The brief for the Skaven player in Vengeance of the Lichemaster tells the story from the ratmen's perspective. This background is worth quoting at length because it reveals some very special about the religious practices of the Skaven:
Last month, during the annual Great Feast of the Horned Rat, an enemy entered the city of Skavenblight, wormed his way into the ceremony itself and, during the sacred dedication to the Horned Rat, stole the Awesome Black Ark. Bounding onto the dais before the shimmering apparition of the Chaos God, a magically disguised figure was seen to leap towards the casket containing the Ark, at which moment the intruder and the Ark both vanished into thin air. The Skaven were momentarily frozen with astonishment as well as suffering the indignity of being caught looking the other way whilst bent double and baring their hairy buttocks (the traditional salutation to the Horned Rat at this time)...  
[Rick Priestly, Citadel Spring Journal 86, page 61]
The Skaven's anal salute carries an echo of the osculum infame or "shameful kiss" that witches were supposed to bestow on the Devil's fundament during their Black Masses. As one accused witch, Isobel Gowdie of Auldearne said in 1662, "Sometym he [the devil] vold be lyk...a dowg, and he vold hold wp his taill wntill we wold kiss his arce." For the Skaven, however, the situation is reversed, and they bare their buttocks to the apparition of their Lord. Unclear whether, in return, the Horned Rat gives them each a smootch.

 Woodcut from Guazzo's Compendium Maleficarum (1608)

In any case, the thief who caught the Skaven with their pants down is, of course, the wizard Bagrian. The brief goes on to describe how the Skaven player controls one of the many search parties sent out to recover the Black Ark. Gnawdoom has used his magical orb, the Seerstone, to track Bagrian to the monastery of La Maisontaal. The table is set for a grand battle...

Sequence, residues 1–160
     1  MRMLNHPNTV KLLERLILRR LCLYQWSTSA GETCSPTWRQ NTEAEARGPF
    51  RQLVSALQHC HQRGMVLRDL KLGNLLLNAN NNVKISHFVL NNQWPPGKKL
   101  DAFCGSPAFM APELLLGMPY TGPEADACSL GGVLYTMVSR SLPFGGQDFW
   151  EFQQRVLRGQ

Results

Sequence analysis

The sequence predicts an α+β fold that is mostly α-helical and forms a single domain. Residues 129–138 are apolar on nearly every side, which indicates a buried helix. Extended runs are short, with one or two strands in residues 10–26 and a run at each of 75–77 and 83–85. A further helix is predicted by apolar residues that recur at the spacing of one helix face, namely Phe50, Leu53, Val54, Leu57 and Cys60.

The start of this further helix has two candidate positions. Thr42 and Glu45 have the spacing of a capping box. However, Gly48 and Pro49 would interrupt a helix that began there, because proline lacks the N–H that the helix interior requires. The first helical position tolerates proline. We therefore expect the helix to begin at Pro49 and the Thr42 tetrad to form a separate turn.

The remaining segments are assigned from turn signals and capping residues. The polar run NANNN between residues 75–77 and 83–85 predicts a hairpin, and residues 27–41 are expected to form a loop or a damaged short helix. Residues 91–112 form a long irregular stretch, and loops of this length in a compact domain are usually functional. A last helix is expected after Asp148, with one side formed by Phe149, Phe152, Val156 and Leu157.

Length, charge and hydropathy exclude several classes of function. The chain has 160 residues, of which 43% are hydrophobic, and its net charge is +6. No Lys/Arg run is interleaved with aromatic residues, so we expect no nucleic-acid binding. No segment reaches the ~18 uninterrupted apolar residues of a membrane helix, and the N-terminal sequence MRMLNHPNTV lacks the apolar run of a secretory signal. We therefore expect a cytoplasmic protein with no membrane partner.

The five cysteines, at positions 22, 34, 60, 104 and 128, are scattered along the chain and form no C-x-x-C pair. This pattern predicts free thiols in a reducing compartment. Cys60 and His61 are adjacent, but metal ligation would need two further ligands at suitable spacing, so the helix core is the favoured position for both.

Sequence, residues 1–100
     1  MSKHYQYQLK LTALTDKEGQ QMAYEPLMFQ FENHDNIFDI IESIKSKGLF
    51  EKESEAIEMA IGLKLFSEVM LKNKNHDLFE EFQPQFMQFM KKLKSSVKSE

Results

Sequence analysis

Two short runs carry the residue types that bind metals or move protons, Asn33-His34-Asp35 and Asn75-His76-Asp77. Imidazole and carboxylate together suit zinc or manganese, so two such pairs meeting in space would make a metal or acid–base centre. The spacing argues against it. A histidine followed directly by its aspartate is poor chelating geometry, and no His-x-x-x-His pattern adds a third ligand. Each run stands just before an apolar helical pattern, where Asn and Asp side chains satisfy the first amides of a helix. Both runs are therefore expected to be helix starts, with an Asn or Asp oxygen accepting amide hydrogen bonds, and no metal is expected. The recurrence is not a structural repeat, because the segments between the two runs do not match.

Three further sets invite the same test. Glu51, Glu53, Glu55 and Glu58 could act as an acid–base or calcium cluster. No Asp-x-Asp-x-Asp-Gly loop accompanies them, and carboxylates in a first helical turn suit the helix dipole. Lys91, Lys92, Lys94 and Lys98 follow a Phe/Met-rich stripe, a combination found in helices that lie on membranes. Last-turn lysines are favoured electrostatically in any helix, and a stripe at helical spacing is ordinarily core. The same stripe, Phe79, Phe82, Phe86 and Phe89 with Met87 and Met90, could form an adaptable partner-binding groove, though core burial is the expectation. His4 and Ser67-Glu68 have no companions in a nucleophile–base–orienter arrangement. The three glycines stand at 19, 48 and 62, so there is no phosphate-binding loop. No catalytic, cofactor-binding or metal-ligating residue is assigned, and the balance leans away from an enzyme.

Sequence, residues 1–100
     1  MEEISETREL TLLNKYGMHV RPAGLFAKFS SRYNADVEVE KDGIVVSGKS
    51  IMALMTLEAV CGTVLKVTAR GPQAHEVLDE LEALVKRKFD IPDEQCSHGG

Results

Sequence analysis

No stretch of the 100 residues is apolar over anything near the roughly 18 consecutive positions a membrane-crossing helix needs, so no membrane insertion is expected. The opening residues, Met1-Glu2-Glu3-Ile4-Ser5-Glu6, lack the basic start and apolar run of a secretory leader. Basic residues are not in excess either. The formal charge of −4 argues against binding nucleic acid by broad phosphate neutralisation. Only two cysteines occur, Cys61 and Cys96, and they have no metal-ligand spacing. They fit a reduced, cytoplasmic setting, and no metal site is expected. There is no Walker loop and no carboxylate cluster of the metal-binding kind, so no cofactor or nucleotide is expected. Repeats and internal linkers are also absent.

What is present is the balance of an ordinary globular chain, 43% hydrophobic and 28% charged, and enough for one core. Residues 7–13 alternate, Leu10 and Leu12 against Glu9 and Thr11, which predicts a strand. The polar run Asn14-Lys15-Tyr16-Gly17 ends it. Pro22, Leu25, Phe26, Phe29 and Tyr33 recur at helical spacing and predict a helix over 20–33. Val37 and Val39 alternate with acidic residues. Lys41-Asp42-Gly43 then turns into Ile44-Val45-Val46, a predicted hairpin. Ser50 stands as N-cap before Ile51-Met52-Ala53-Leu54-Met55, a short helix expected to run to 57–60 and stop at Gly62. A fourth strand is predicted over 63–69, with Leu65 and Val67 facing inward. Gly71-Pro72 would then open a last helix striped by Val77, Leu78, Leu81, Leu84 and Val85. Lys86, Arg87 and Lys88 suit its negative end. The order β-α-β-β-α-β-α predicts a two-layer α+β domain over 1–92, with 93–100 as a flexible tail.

Gnawdoom, Skaven C47 (Citadel, Jes Goodwin, 1986)

Above is Gnawdoom the Grey Seer from Citadel's C47 Skaven range, sculpted by Jes Goodwin in 1986. I painted him to resemble the illustration by John Blanche on the cover of The Citadel Journal Spring 86.

 I particularly enjoyed painting his grotty robe...

I love Goodwin's notion that white Skaven have a special place of prominence. As he wrote in his article introducing the Skaven: "The Grey Seers are extremely important and influential Skaven and would only rarely involve themselves in anything other than the most important conflict." Gnawdoom is distinguished by the fact that he carries the glowing Seerstone, which glows brighter as it approaches the Black Ark of the Covenant. He also carries a small triangular "key" of warpstone, which is the only way to open the Ark and activate it's awesome powers.

Throt the Unclean, Skaven C47 (Citadel, Jes Goodwin, 1986)

Above is the second in command of the Skaven war-party: Throt the Unclean (C47 sculpted by Jes Goodwin, 1986). Throt is a mutant with three arms and "a warpstone charm replacing one of his beady red eyes... this glows bright scarlet in the dark and whilst Throt is amongst the bloodlust of combat." I love his man catcher -- I can just imagine Throt snaring an opponent with this pole-arm and than using the knife in his third hand to finish the unfortunate victim.

Flench Packlord, Skaven C47 (Citadel, Jes Goodwin, 1986)

Here is Flench Packlord (C47 sculpted by Jes Goodwin, 1986). Flench is the first of the two Skaven champions.

Malis Manwrack, Skaven C47 (Citadel, Jes Goodwin, 1986)

And above is the Skaven champion called Iron Wielder in Vengeance, or Malis Manwrack in the Citadel catalogues (C47 sculpted by Jes Goodwin, 1986). He's one of the classic Skaven leaders and is a staple in nearly every Skaven army from the 1980's.

Skaven Warpfire Thrower, Skaven C22 C47 (Citadel, Jes Goodwin, 1986)

Finally, we have the Skaven Warpfire Thrower Team that accompanies Gnawdoom on his mission. The Citadel Journal gives the name of these two incendiaries as Scathe the Tainted and Flem (C22 and C27 sculpted by Jes Goodwin, 1986). There's a lot of detail packed into these two miniatures.

Skaven Warpfire Team, Skaven C22 C47 (Citadel, Jes Goodwin, 1986)

Thanks for dropping by! Next week we'll look at the rank-and-file in Gnawdoom's Skaven warband. 

Thursday, November 16, 2017

Skaven: the Origin of the Species